“That would be an inspection of every house that basically makes the application to become legal,” he said. “That’s a lot of work. That’s a lot of inspectors. If that can be done, and it’s done in a safe way, I would embrace the theory. Right now, I can’t.”
Hochul’s budget doesn’t include any specific new funding to implement the basement apartment program, though there are some existing state- and city-level programs that provide loans and grants to create basement apartments and other accessory dwelling units.
Some lawmakers say additional funding is needed.
“Making sure that all of those pieces actually fit together and result in many, many houses being able to legalize their basement apartments is going to take a lot of coordination and a lot of work,” said Assemblymember Catalina Cruz, whose Queens district was hit hard by Hurricane Ida in 2021. “I am more than happy to help chime in, but I want to make sure that the city and the state are working and not just throwing the ball at each other.”
Cruz pointed to a pilot program New York City launched in 2019 as a way to entice Brooklyn homeowners to bring their basement apartments up to code. That program, which was intended to help 40 property owners in East New York, revealed the extent of the challenges.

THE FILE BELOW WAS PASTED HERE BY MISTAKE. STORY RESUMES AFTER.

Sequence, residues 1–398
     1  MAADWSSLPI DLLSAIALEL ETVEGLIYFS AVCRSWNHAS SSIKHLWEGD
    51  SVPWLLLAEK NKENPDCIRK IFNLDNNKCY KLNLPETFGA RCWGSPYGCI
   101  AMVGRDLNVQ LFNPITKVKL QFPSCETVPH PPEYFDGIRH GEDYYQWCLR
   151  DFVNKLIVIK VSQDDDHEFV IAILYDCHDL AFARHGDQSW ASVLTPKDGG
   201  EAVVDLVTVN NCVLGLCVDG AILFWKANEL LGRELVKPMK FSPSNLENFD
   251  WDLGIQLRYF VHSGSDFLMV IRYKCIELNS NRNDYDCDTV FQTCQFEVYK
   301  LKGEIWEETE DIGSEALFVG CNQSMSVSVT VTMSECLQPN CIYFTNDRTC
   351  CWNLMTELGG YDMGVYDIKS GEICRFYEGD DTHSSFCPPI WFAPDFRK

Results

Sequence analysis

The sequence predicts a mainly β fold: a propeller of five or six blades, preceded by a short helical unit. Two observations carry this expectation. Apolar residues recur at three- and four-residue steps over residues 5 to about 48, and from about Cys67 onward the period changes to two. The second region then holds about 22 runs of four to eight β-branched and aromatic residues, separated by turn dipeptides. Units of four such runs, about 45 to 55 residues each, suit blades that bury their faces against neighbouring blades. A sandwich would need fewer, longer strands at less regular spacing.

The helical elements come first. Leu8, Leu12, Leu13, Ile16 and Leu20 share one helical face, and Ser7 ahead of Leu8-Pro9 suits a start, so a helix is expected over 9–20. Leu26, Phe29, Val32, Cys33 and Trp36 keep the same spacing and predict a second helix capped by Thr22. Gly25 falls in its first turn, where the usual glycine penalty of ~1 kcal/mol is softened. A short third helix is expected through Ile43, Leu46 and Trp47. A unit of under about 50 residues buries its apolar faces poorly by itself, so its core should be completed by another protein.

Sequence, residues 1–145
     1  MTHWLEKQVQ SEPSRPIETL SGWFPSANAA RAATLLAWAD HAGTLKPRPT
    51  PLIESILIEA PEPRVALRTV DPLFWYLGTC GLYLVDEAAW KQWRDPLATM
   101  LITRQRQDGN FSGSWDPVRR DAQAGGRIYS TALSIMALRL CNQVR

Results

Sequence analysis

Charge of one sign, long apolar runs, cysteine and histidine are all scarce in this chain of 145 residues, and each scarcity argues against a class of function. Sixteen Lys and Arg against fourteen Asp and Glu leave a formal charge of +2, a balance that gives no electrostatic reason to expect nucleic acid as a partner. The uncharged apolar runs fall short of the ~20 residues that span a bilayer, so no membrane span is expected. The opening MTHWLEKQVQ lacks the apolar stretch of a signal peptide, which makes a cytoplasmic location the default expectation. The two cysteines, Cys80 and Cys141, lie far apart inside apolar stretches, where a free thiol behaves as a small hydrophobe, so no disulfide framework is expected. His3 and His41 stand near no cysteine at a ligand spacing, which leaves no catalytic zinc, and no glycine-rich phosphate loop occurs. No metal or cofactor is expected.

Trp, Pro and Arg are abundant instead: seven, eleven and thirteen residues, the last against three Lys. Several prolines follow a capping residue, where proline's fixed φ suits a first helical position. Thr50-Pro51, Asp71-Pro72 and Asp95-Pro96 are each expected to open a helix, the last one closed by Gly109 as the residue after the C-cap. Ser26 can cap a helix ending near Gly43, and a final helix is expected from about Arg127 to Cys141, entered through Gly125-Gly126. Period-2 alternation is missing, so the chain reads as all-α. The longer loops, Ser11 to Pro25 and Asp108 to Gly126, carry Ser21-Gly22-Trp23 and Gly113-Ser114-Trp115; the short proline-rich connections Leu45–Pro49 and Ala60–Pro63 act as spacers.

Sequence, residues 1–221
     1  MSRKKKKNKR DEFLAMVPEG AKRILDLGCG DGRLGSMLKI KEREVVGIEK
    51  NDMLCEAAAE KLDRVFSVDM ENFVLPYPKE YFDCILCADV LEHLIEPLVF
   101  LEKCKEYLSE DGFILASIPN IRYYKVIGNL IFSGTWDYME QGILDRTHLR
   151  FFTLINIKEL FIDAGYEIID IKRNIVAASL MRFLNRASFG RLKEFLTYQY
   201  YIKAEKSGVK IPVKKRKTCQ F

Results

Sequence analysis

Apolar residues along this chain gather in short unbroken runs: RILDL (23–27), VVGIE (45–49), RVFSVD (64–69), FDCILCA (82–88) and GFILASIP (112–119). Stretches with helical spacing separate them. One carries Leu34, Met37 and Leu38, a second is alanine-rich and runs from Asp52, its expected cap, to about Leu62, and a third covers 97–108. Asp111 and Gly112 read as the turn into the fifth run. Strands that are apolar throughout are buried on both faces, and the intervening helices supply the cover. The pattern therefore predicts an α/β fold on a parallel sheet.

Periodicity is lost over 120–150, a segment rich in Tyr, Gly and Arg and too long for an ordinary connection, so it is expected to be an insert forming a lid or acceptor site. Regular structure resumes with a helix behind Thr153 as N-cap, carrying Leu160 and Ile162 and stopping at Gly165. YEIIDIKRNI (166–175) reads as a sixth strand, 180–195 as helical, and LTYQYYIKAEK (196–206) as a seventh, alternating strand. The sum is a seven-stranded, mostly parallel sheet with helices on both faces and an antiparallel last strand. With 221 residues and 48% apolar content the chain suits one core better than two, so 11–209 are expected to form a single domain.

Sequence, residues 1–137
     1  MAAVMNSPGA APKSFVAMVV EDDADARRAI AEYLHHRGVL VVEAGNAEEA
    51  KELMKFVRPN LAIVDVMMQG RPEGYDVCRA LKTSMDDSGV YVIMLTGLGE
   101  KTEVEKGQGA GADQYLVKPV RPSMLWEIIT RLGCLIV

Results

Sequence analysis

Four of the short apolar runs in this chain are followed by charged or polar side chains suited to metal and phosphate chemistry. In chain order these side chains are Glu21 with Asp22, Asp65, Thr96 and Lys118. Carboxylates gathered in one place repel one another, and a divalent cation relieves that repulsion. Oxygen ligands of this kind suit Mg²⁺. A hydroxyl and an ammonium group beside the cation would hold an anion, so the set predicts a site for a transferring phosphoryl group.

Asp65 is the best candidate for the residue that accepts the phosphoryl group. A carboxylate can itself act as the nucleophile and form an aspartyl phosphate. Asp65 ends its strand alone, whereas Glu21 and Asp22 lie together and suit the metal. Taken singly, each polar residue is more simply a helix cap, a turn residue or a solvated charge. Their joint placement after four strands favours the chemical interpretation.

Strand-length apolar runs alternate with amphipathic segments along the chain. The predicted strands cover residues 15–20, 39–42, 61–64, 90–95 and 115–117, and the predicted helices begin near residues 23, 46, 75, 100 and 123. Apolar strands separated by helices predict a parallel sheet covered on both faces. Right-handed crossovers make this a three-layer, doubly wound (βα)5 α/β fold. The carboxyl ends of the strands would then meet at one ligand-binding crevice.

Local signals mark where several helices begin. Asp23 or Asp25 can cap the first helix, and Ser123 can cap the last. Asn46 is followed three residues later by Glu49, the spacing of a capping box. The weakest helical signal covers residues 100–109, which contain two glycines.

Five years after it started, just two homeowners have stuck with the effort as exorbitant costs — an average of $250,000 per home — and strict regulations forced dozens of prospective participants to drop out.
Meanwhile, tenants continue renting tens of thousands of basement units around the city, with or without intervention to make them safer.
Mohammed Rahman, a real estate agent who works with tenants, landlords and homebuyers in Queens and elsewhere, said the units are a key source of affordable housing and owner income. Some buyers move into the basements and rent out their other floors to avoid the prohibition on below-grade apartments, Rahman said; others buy a home and count on the underground income to offset their mortgage and property tax bills.
“It doesn’t matter if it’s legal or not, people are going to do it,” he said.